Lent Around the World

When we think of Lent in the United States, we often think of abstaining from meat, giving up something we enjoy, or adding in a spiritual practice. But there’s a huge range and variety of Lenten (and Pre-Lenten) traditions in other cultures! Find out a bit about what the rest of the world enjoys during this Holy season.

Denmark
In Denmark, locals celebrate “Fastelavn” the Sunday before Lent begins. On this day, everyone enjoys eating cream or jam-filled pastries, and children dress up in costumes and beat a barrel filled with candy (similar to a piñata). The two children who successfully break the barrel open are crowned “Cat King” and “Cat Queen.” Believe it or not, this is because the barrel didn’t always hold candy — it used to hold a live cat!

British Isles
Did you know that the British Isles have a long-famous Lenten tradition of eating hot cross buns? The cross marking on the bun symbolizes Jesus’ crucifixion, while the spices in the dough represent His embalming.

Greece
“Kathari Thetera,” or Clean Monday, commences the Lenten season. The Sunday beforehand, people attend a special evening Mass and ask for forgiveness to start Lent with a clean soul. This holiday also signifies the end of a month of carnival celebrations that take place throughout the country leading up to Lent! Clean Monday is a public holiday, and families enjoy the day at the beach or countryside, often flying kites.

Germany
What we know as Holy Thursday, Maundy Thursday commemorates Jesus’ last supper with His Apostles. This day is called Green Thursday (or Grundonnerstag in Germany). There are a variety of speculations as to why this is, but a common one is that since we’ve historically abstained from eating meat, this day is full of green foods and vegetables.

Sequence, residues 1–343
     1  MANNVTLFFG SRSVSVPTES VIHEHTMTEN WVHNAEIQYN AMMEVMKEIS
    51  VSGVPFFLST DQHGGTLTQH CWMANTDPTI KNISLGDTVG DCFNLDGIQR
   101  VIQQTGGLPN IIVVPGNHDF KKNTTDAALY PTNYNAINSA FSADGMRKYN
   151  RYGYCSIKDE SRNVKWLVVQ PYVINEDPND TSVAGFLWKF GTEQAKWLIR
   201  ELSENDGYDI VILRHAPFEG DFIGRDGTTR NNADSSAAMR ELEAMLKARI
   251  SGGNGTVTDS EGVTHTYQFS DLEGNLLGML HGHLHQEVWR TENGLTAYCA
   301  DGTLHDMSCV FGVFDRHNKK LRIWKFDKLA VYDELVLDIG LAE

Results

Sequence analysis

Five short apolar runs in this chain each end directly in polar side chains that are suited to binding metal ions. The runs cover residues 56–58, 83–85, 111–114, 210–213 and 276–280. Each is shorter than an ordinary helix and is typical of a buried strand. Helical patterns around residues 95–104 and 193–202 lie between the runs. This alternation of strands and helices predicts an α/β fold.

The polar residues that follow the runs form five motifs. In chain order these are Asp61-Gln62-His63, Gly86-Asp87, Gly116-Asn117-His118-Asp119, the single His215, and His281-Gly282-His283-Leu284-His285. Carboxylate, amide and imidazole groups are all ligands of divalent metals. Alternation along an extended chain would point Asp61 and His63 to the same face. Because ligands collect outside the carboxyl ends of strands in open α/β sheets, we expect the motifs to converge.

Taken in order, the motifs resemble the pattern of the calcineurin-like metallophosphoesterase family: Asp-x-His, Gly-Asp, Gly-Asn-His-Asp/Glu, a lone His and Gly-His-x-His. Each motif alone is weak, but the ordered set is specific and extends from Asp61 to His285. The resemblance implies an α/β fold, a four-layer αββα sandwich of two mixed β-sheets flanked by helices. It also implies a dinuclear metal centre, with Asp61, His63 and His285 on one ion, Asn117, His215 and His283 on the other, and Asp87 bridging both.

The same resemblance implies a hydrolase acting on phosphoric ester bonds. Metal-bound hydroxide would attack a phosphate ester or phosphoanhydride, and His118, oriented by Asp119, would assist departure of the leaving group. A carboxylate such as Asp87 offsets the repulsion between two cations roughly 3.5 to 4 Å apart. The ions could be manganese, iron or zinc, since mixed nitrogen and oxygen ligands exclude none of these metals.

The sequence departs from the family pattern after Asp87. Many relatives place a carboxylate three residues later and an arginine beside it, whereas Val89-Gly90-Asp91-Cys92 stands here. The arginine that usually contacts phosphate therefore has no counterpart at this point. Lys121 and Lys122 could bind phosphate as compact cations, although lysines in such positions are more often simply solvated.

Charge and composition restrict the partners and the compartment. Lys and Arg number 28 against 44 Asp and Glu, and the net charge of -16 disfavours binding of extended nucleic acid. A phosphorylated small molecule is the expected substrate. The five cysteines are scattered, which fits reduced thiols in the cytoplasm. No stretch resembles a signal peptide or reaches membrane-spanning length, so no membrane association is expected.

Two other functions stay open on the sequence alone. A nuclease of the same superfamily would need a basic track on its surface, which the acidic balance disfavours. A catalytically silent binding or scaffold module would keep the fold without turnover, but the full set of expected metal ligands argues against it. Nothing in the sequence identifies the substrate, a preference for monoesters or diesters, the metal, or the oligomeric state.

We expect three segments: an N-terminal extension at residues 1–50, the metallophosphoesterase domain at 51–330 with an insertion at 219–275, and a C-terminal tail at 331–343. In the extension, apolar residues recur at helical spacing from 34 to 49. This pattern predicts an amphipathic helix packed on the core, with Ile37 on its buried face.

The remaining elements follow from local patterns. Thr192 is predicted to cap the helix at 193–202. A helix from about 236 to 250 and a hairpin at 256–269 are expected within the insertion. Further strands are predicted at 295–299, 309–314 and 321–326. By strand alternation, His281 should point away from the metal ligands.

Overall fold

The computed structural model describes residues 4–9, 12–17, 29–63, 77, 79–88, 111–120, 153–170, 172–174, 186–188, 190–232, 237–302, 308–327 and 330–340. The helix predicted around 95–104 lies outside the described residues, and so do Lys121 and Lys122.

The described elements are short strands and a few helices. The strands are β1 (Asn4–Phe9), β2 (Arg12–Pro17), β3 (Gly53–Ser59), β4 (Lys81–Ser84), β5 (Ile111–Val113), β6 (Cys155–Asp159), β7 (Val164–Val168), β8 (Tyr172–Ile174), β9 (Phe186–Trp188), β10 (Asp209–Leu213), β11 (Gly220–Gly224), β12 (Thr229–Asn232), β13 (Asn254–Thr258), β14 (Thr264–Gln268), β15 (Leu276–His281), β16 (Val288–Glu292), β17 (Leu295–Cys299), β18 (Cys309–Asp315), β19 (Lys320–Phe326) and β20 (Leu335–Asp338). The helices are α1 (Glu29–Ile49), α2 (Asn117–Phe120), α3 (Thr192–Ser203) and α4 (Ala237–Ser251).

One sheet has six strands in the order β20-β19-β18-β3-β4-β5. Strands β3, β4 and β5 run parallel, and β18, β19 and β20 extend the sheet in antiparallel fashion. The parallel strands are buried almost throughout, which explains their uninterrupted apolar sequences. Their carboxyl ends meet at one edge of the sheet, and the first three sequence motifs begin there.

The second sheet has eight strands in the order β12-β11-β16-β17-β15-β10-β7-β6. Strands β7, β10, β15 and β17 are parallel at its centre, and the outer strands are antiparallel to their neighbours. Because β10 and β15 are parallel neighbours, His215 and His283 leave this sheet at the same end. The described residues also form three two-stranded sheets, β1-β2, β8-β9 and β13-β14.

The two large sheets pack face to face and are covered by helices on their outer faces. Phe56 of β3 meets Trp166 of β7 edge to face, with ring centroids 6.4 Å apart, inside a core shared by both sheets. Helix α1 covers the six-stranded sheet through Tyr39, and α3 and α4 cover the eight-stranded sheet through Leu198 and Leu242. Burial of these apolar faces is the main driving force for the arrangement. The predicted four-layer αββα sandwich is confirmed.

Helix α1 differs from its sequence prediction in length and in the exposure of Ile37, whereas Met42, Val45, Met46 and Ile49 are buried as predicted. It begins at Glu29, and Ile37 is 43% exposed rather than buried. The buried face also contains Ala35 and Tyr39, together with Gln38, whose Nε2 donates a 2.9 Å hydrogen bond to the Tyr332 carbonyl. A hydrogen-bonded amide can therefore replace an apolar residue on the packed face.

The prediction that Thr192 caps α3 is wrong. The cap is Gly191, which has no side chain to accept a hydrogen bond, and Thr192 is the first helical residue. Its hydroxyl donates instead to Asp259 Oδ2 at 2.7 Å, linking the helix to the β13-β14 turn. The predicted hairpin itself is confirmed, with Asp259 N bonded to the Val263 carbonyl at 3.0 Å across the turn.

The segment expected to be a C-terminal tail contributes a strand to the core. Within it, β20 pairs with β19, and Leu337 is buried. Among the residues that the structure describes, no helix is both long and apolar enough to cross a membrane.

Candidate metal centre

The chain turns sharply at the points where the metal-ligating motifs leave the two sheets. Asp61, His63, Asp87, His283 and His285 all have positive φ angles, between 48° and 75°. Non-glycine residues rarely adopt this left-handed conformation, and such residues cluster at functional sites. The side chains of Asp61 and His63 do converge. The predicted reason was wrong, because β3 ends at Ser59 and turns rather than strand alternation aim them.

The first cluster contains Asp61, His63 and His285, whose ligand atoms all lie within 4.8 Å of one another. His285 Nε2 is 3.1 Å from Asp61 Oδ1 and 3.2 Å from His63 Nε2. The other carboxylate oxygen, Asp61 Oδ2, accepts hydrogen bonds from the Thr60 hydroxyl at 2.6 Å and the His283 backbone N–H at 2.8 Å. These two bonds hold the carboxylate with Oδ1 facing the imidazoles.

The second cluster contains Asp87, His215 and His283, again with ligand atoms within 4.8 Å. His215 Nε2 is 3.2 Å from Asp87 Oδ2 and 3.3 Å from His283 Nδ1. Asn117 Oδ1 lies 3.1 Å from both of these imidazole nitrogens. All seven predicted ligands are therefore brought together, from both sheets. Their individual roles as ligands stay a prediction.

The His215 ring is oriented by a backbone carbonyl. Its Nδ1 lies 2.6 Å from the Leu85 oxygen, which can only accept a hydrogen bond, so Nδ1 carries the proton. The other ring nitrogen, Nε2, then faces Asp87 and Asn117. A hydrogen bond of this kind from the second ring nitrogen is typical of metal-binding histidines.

The United Kingdom
Pancake Day, or Shrove Tuesday, is a day to indulge and feast before the beginning of Lent. But it’s not just about eating pancakes — in Britain, locals enjoy pancake races every year! Members of Parliament and the House of Lords compete in an annual charity race around Victoria Gardens, and each contestant must complete a full lap without dropping the pancake out of their frying pan (although many admit to stuffing extra pancakes in their pockets), all while wearing an apron and white chef’s hat.

St. Charles Borromeo, an Orlando private school, is more than just a place to learn; it’s a community. Our staff is committed to proclaiming the Gospel Message of Jesus Christ. We believe in teaching the whole child and want students to love learning, helping them grow into well-rounded, contributing members of society. Learn more about us by contacting us here.

Ash Wednesday

Every year, we gather on Ash Wednesday to receive ashes on our forehead — but do we truly understand the importance of what we’re doing? Learn more about Ash Wednesday and how we prepare for the Easter season and Jesus’s resurrection.

Why Ashes?
Ashes help us remember Genesis 3:19, which tells us that we came from dust, and to dust, we will return. We participate in recognition that we need to repent, turn away from our sin, and be faithful to the Gospel. Ashes serve as a reminder that we are given eternal life through the sacrifice of Jesus.

Where Do The Ashes Come From?
The ashes that mark your forehead come from the blessed palm branches that were used for the previous year’s Palm Sunday Mass. The ashes are sprinkled with holy water and blessed with prayers that are thousands of years old.

The Original Palm Sunday
Palm Sunday marks Jesus’s triumphant entry into Jerusalem, and everyone gathered to celebrate his arrival by waving palm fronds. This was the beginning of the final seven days of Jesus’s earthly ministry.

Preparation
Ash Wednesday signifies our preparation for Holy Week and the resurrection of Jesus. We come to God and ask for mercy, forgiveness, and compassion, and we repent of our sins. By doing so, in 40 days, we are able to celebrate Easter with the joy that God intended!